All of which serves to emphasise just how different the new Judges have to be, something we see when comparing Glover with her immediate superior, Volt. Where Volt came up through the police and sees the evidence chain say one thing, Glover looks above and beyond, takes another view.
And it’s all being played out as a simple police procedural. Again, that similarity with Megatropolis, where we’re seeing all the huge transformative moments through the eyes of those doing the legwork, here we’re getting the feel of what being a Judge truly means with a comparison to those traditional lawmakers around Glover.
And it is absolutely superb to read. Carroll, Higgins, Hurst, all of them are doing a stunning job of making this work so well. All of the important beats are there, all of the big vision is on show, it’s just being magnificently filtered through this very small-scale storyline to really incredible effect.
THE RETURNERS – HEARTSWOOD – PART 5 – Si Spencer, Nicolo Assirelli, colours by Eva De La Cruz, letters by Simon Bowland
Again, whilst The Returners absolutely looks wonderful, the big, big art from Assirelli really allowing him to deliver some wonderfully impressive looking artwork, it’s the thing that’s causing me to not get on with this one all too well. Nine pages of comics and a total of 20 panels. Yes, it can work, if there’s enough story to tell along with the big pages and minimal panels. It just doesn’t here.
For example, the first three pages feature the appearance of some burning spectral soldier thing, leading one of the Returners to ask the question on page four – “Anyone want to explain that to me?” And at that point, I was thinking just the same thing. After this, it’s another few pages where they climb to the top of a house, see some familiar ghosts, and meet a weird creature waiting for them. That’s it. That’s all there is. Maybe a couple of pages worth of storytelling. And the reveal at the end reminds me just how much better a couple of pages of Grant Morrison’s Doom Patrol was in delivering something thematically similar.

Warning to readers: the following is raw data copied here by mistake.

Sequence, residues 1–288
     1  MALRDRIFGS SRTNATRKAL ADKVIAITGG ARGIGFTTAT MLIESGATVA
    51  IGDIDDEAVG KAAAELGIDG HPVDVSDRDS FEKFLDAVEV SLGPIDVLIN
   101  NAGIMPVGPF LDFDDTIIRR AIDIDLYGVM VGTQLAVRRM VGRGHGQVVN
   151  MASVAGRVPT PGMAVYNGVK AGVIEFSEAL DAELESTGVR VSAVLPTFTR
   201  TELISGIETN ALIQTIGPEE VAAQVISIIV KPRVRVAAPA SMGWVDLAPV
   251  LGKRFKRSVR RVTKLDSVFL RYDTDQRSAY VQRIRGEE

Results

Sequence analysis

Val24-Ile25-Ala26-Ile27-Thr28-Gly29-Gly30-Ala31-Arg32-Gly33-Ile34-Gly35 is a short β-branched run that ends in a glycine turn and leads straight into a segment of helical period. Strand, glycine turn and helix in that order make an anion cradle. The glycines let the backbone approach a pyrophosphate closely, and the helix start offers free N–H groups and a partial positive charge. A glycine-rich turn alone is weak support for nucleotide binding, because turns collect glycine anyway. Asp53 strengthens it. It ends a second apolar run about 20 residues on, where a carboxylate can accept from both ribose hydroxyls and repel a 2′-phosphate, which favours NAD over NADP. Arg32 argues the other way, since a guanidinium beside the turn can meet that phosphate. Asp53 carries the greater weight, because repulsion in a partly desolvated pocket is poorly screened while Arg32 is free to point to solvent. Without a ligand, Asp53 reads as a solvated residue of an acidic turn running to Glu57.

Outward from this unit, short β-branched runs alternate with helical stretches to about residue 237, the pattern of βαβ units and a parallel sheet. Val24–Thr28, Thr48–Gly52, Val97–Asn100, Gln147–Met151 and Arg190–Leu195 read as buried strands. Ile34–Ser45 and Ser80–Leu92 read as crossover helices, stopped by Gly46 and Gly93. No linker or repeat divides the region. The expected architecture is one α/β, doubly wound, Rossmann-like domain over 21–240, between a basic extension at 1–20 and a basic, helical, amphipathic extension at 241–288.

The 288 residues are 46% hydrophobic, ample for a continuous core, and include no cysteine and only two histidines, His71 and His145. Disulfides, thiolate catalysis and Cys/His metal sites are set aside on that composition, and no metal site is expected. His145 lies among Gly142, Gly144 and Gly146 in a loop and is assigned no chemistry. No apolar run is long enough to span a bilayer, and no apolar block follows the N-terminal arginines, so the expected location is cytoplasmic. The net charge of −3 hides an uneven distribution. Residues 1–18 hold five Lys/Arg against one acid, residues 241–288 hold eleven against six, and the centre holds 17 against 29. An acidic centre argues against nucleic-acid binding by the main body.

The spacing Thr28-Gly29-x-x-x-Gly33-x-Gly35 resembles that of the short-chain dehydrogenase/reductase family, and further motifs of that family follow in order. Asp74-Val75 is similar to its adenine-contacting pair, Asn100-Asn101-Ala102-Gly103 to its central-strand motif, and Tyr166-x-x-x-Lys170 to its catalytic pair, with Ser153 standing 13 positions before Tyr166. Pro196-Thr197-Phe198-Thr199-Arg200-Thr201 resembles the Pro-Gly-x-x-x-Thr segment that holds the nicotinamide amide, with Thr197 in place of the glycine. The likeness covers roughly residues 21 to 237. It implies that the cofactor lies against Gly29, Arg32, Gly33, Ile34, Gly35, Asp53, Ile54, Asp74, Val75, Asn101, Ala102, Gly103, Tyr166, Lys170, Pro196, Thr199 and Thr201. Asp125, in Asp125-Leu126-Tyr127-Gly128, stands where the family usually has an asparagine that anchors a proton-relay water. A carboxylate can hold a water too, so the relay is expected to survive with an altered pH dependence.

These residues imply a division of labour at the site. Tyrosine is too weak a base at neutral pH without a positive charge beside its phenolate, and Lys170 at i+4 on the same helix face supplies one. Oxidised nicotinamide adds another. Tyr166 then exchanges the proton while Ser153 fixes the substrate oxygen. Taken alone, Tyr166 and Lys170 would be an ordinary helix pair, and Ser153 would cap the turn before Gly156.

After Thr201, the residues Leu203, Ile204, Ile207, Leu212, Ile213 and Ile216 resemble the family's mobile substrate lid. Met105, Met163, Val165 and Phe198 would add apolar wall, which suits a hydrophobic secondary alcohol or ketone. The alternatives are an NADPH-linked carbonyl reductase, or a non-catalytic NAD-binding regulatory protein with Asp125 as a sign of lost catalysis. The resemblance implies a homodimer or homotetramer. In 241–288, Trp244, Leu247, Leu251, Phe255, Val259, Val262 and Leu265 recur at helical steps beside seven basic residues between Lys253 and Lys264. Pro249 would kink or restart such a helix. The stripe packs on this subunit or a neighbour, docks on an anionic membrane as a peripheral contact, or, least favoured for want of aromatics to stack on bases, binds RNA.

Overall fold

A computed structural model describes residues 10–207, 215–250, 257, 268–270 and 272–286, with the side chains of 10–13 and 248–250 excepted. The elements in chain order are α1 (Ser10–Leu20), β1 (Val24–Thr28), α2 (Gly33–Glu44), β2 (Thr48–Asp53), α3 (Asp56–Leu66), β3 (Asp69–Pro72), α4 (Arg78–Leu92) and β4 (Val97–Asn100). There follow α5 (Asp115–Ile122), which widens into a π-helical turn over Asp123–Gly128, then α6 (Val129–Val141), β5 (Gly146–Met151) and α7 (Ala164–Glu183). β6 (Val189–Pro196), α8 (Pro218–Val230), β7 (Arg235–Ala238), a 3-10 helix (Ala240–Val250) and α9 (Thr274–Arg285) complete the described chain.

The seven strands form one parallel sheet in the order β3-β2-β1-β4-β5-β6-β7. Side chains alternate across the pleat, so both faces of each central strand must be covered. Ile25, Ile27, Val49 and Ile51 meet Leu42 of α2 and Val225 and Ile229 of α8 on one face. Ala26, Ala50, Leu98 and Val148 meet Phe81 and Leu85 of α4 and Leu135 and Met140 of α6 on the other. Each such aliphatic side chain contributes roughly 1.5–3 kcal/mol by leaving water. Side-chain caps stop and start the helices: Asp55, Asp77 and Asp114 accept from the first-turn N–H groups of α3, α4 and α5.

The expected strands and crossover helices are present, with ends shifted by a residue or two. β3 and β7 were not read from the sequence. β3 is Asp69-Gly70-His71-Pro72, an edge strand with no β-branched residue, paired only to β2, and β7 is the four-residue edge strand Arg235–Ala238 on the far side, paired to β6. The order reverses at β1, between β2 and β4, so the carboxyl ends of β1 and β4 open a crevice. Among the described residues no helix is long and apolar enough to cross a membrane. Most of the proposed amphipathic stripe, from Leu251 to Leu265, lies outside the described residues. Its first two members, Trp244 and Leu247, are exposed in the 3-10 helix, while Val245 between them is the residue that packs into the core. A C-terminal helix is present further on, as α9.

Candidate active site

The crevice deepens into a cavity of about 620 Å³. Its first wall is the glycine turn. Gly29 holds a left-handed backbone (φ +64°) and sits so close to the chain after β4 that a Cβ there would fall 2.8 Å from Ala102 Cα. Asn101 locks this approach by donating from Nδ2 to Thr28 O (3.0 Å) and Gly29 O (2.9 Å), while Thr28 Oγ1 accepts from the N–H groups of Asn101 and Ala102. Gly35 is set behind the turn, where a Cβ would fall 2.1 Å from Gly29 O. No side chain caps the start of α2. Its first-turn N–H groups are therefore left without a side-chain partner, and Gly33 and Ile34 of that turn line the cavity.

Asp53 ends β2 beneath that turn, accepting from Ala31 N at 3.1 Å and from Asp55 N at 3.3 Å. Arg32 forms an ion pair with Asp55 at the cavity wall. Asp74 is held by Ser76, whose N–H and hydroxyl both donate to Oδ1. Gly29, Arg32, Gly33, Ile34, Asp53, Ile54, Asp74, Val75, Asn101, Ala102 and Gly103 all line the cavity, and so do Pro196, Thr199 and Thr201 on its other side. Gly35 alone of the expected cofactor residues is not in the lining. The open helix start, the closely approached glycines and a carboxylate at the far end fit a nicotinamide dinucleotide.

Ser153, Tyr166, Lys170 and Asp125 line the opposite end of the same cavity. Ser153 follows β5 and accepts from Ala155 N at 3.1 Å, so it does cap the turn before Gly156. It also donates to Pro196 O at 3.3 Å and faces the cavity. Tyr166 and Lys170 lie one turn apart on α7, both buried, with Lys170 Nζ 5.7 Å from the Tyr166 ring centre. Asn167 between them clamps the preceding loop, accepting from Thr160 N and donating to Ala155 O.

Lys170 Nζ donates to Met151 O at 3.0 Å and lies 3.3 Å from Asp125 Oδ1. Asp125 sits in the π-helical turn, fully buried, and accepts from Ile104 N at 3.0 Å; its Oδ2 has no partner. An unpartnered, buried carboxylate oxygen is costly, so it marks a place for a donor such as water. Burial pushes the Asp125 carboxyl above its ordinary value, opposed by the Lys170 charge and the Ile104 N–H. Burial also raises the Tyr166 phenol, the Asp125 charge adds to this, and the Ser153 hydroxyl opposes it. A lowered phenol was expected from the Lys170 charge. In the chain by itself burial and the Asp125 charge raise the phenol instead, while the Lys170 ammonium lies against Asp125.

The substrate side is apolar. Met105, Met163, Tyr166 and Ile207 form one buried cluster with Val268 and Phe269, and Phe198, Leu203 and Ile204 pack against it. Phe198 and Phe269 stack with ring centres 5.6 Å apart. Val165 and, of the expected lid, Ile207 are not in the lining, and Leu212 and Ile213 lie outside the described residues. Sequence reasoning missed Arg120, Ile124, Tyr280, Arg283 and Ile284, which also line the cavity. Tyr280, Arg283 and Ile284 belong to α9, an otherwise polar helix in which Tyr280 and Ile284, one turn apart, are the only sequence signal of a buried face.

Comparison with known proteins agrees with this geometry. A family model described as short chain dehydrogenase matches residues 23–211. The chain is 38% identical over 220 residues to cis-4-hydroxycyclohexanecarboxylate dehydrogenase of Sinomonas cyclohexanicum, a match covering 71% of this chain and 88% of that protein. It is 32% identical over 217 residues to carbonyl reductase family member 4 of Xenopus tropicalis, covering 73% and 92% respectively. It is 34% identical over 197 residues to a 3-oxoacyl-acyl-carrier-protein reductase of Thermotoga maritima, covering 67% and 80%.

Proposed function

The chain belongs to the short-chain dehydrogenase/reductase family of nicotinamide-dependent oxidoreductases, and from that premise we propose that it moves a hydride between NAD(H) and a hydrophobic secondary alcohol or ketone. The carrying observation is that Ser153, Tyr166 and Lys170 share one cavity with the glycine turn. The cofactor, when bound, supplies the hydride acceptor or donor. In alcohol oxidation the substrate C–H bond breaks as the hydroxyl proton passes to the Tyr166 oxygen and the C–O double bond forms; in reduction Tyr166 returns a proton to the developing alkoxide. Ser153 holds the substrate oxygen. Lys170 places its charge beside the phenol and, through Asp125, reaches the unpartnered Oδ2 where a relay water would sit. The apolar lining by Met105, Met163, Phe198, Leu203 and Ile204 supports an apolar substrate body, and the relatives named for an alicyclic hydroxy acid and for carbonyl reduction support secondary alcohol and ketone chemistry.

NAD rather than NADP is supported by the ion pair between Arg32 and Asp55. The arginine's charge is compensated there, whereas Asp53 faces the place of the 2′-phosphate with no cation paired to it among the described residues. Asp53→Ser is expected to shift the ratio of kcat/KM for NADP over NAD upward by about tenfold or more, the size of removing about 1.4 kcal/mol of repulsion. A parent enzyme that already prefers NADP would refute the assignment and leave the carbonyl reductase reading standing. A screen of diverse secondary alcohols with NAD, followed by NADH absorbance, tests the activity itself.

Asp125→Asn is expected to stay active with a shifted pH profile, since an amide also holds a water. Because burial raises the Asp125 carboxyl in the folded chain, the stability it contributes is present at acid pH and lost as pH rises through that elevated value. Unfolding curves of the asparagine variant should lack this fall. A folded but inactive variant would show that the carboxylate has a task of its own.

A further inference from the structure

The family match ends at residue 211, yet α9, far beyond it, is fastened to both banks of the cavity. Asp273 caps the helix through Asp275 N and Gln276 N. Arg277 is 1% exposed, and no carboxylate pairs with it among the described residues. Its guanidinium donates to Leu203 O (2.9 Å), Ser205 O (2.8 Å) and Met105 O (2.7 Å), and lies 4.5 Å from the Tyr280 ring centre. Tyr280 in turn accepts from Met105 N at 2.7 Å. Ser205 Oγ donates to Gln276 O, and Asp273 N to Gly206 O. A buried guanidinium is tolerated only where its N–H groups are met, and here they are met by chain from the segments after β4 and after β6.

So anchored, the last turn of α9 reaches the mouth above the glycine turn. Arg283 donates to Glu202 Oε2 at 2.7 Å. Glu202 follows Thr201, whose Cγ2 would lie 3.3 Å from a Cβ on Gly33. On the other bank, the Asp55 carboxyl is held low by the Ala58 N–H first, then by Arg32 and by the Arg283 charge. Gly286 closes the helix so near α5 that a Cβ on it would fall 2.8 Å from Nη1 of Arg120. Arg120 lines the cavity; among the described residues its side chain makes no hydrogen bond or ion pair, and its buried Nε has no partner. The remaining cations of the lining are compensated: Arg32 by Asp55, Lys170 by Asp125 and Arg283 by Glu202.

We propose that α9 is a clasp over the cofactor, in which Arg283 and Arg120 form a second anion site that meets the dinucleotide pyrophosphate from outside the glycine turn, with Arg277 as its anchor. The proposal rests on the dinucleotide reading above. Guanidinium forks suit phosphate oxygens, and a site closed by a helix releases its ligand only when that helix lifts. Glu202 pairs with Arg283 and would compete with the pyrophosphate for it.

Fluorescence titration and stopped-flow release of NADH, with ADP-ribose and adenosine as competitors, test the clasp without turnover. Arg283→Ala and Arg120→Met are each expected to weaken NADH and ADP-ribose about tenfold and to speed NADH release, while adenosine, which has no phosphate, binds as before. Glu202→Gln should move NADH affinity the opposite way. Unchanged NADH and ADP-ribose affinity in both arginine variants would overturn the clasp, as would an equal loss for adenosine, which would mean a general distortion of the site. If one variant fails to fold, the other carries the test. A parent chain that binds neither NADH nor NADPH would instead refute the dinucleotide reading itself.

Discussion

The problem is that there’s just not enough of anything going on here. Sure, it looks so pretty but so does Megatropolis, so does Dreadnoughts, so does Dredd, so does Deadworld, it’s just that those strips seem to have a lot more reading in them.
THE DARK JUDGES – DELIVERANCE – PART 5 – David Hine, Nick Percival, letters by Annie Parkhouse
All right then, I know that the problem with the Dark Judges is that they’ve become mere comedic value and that they’ve lost pretty much all of their threat because of it. So, when I tell you that Hine and Percival have engineered this in such a fabulous way to be able to give us offhand comedy moments AND a sense of these things are bloody nasty, bloody dangerous – well, that’s a really impressive thing.
As for just one moment of glorious dark comedy – Judge Death on the fact that his Dark brothers are scattered across half the galaxy…
It’s the “We’re getting better at this,” that brings the smile, Hine addressing head-on the fact that the Dark Judges always get beaten and always, predictable as clockwork, always come back.
So, while you’re smiling along with the discussions of the Mortarian Death Cult and Judge Death about how long it’s going to take to massacre the planet, there’s also a real sense of threat to all involved.
Case in point, whilst the Wild Kids have taken in Rosco, Judge Death is about to turn his gaze on them all – and that is not a good thing at all.
It’s the very best of the Dark Judges, Percival’s artwork is absolutely perfect for this one and Hine’s writing really does manage to capture both sides of the Dark Judges so well. A great, great strip.